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Up The East River at 1500'

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    • Article: Bugs In The Rugs - - - What have you encountered from the insect world while working on a car?

      Bugs In The Rugs          Ants, moths, bees, flies, wasps, spiders, scorpions, roaches, yellow jackets, fireflies, centipedes, silver fish, lady bugs, katydids, mosquitos, termites, fleas, mites, and fly larvae (maggots).          No, that’s not a list of insects on the back of a can of insecticide.  That’s just about every type of creepy, crawly nasty little bug I have encountered in a car at one time or another.  It’s enough to make your skin crawl.           Sometimes it’s not so much what you run into, but where.  For instance, I was working on a little foreign car, checking out a faulty turn signal.  I diagnosed a bad lead on the front turn signal socket, and had already pulled the lens off and supplied a ground to the bulb, so I knew what I needed to do.  Just sling under the car and reattach the ground lead that was hanging there.  The car was low to the ground, but I managed to wedge myself under there just enough to make the repair.  As I managed to turn my head to see the turn signal housing, there… just a ¼” from my nose was a large nest of red wasps.  They were all darting around working on their nest totally oblivious to me.  I didn’t stick around long enough to introduce myself.           Something I’ve learned after being at this for a few years: If you get one of those carpet cleaning trucks in the shop for repair, make sure you have plenty of roach spray handy.  It’s not uncommon to pop the lid off of the fuse box to find hundreds of those nasty little critters trying to find a new hiding place. I’ve even seen a few behind the lens of the instrument cluster just minding their own business as they walked over the gauge needles. They tend to eat wires, leave their acidic droppings on circuit boards, and their dead relatives laying in the vents. Nothings worse than getting “bug sprayed”… with bugs when you turn on the blower motor.            Now when you’re trying to find an odor, or some reeking smell that has literally chased the owners out of their car, don’t be surprised if you’ll eventually find a dead mouse or some other strange varmint carcass in the duct work, trunk, or under the carpet.  The worst is when the flies have found it and started laying eggs on it.  For the investigative type mechanic, the fly larvae is a good way to determine how long whatever it was has been decomposing in the customer’s car.  You see, a fly can lay more than 100 eggs on a warm moist body and in 8 to 24 hours the larvae will begin to hatch. Those wormy, wriggly, crawly little ugly, nasty things stick around for about 5 days and then start to pupate into an adult fly.  A capital “G” for gross.  Knowing all of that will allow you to inform your customer when their little friend became post mortem in their cabin filter or wherever it was you found it, although at this point they’re too grossed out to really care about your CSI skills!          Spiders can bring out the heebeegeebees in the biggest, baddest mechanic on the planet.  I once worked with a guy who was completely petrified of spiders.  We were tearing down an old car that was in for restoration when he removed the door panel and a large tarantula came crawling out from the bottom corner of this old rusted door.  Honestly, I’ve never seen or heard such a big fella scream like a little girl.  He not only came up with his own high pitched language that only he could understand, but managed to dart across the shop and up onto the top of his tool box so fast he didn’t have time to let go of the door panel. He stayed up there perched on his tool box talking some sort of gibberish only he could understand, as he was kicking tools out of the open drawers.  The tarantula had to go, or he wasn’t coming down.  I got elected to shoo the little critter out the door. We literally had to pry the door panel out of his hands and coax him down with a cup of coffee and a cigarette. His tool box needed a bit of straightening after all was said and done.          Ants for the most part are pretty harmless. I’ve never ran across fire ants in a car, but I can only imagine what that would have been like.  The ones I’ve run across are just the busy little ant type doing busy little ant things. Sometimes the hardest part is finding where they’re coming from.  Half the time you’ll see these little guys marching along one after another in single file heading to another part of the car.  If it’s a car that’s been sitting in one spot for a long time chances are they’ve built an elaborate home somewhere in the car and it’s your job to find out where.  Good luck with that.          Sometimes you wonder how some of these insects find their way into a car in the first place.  Like pulling a spare tire out of an old car and find a scorpion staring at you.  Or mud dauber wasp nests all over the engine compartment.  They sure do find some of the oddest places to build their little nests.  One time I’ve even found them on the carburetor choke plate on a car that was only sitting for a few days.  The owner tried to start it, but had no luck with it.  He then had it dragged into the shop to have the no start problem checked out.  After a bit of carburetor spray to dissolve the mud it started right up. The owner being the kind of a jokester he was, now had a new story to tell about his old car.  He started his little tale with, “Guess wasp up with my car?”           Whether it is a family of arachnids or any other family of insects invading your car, somewhere some mechanic has probably already experienced it.  As they say, “There are more bugs in the world than there are people.” So there’s a good chance you’ll run across a bug in a rug or one in the trunk of that very car you’re working on.  Just work on some fast reflexes, a few nerves of steel, and it wouldn’t hurt to keep a can of bug spray handy either.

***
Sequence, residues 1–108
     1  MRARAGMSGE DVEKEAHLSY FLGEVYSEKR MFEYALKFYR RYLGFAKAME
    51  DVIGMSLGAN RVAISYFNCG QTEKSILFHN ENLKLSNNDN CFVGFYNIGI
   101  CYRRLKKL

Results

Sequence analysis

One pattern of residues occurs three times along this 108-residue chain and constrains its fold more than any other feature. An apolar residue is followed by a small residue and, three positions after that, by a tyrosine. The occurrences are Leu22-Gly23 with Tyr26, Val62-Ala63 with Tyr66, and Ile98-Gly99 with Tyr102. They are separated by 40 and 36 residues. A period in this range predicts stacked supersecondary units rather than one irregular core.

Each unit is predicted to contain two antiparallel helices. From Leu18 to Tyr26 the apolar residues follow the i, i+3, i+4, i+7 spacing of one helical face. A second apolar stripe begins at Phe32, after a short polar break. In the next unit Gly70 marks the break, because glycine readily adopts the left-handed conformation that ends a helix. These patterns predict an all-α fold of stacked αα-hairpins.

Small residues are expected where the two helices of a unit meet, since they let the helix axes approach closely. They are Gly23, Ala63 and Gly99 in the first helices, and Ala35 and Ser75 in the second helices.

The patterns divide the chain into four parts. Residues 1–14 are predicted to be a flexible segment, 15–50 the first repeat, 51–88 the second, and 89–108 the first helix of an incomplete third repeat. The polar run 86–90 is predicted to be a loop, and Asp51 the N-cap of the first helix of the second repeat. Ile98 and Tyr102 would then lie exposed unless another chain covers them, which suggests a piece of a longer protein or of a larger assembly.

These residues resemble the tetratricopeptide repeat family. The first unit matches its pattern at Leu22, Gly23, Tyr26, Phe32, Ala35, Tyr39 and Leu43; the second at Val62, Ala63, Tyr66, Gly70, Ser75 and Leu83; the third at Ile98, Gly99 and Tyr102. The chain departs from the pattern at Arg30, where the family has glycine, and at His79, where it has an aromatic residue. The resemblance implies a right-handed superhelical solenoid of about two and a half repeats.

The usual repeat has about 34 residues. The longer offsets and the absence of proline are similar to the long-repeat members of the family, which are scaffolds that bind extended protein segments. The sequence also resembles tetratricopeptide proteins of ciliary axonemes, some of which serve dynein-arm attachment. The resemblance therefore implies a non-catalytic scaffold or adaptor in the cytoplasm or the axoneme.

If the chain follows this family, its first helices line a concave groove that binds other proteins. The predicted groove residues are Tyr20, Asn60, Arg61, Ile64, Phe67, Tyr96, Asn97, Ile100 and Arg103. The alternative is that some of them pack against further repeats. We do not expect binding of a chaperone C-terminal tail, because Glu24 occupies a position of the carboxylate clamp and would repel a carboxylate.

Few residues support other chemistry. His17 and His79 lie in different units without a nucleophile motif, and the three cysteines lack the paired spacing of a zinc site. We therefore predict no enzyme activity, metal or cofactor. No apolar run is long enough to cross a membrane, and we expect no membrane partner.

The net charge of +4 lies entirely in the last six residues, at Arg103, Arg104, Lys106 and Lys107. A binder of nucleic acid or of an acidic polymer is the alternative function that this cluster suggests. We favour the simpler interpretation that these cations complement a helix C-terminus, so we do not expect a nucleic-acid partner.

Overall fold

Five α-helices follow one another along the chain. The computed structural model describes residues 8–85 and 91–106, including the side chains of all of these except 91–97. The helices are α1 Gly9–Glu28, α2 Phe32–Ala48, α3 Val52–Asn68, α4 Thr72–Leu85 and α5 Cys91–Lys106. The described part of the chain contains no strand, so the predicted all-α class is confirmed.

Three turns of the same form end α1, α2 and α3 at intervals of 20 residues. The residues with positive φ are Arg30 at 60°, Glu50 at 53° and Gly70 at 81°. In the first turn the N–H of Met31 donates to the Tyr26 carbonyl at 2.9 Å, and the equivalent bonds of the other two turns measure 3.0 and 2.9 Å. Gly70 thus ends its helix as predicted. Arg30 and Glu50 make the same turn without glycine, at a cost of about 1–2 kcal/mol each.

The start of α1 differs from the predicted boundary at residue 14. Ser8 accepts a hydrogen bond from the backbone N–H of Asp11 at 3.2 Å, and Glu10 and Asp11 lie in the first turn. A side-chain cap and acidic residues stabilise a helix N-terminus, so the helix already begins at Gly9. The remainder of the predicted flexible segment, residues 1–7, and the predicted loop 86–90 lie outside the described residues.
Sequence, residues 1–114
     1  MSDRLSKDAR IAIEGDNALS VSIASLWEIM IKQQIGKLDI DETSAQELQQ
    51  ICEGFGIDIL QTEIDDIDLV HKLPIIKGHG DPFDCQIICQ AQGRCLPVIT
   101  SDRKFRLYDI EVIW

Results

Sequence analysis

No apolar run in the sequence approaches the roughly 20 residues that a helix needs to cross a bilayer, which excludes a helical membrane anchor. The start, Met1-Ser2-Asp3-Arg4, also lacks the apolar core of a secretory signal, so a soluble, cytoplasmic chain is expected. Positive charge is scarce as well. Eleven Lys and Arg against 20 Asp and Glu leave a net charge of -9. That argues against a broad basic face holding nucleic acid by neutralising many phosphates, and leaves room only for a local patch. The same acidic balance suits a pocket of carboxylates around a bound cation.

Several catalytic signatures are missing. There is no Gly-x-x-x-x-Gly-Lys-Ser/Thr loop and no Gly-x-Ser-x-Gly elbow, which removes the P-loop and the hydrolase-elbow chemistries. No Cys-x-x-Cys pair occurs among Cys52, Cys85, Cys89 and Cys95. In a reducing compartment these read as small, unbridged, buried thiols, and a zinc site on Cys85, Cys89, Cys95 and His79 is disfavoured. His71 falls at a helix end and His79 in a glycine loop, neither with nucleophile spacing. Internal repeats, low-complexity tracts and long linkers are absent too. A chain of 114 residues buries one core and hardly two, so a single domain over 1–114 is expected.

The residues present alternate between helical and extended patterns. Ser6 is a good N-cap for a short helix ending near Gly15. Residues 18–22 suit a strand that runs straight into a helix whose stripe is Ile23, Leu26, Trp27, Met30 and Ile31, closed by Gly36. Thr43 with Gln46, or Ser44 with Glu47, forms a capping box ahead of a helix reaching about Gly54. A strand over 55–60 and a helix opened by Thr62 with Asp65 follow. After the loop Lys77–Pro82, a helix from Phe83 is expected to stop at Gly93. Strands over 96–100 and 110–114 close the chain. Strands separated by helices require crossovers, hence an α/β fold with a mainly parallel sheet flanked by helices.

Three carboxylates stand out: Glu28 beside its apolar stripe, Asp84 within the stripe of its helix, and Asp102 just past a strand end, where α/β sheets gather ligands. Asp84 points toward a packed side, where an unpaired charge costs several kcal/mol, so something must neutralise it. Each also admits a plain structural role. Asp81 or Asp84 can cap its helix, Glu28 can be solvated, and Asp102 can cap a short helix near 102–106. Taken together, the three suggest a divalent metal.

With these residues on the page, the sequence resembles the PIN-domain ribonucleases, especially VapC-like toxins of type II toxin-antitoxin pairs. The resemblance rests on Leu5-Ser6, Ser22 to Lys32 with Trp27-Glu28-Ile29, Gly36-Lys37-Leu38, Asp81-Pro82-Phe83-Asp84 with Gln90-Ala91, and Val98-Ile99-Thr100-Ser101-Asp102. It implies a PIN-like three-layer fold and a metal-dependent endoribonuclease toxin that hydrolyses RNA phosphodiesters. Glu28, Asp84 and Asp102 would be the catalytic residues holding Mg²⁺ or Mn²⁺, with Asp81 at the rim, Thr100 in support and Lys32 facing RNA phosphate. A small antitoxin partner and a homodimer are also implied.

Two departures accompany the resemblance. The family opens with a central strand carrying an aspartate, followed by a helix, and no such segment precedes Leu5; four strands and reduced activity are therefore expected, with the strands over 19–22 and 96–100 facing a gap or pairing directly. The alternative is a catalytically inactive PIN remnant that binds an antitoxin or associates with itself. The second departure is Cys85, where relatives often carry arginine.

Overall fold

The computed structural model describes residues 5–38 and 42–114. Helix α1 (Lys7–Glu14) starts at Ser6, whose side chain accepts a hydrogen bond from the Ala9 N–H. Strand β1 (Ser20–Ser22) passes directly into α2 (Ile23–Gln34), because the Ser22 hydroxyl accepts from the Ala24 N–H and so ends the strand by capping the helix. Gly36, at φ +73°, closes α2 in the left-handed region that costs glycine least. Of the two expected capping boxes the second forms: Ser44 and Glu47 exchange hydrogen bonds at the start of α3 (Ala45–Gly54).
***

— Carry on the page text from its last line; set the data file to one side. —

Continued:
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      By Gonzo, in AutoShopOwner Articles

      • 6 replies
    • Article: Down and Out in the Service Bay - Some cars don't just come to the repair shop to get fixed... some come to commit suicide.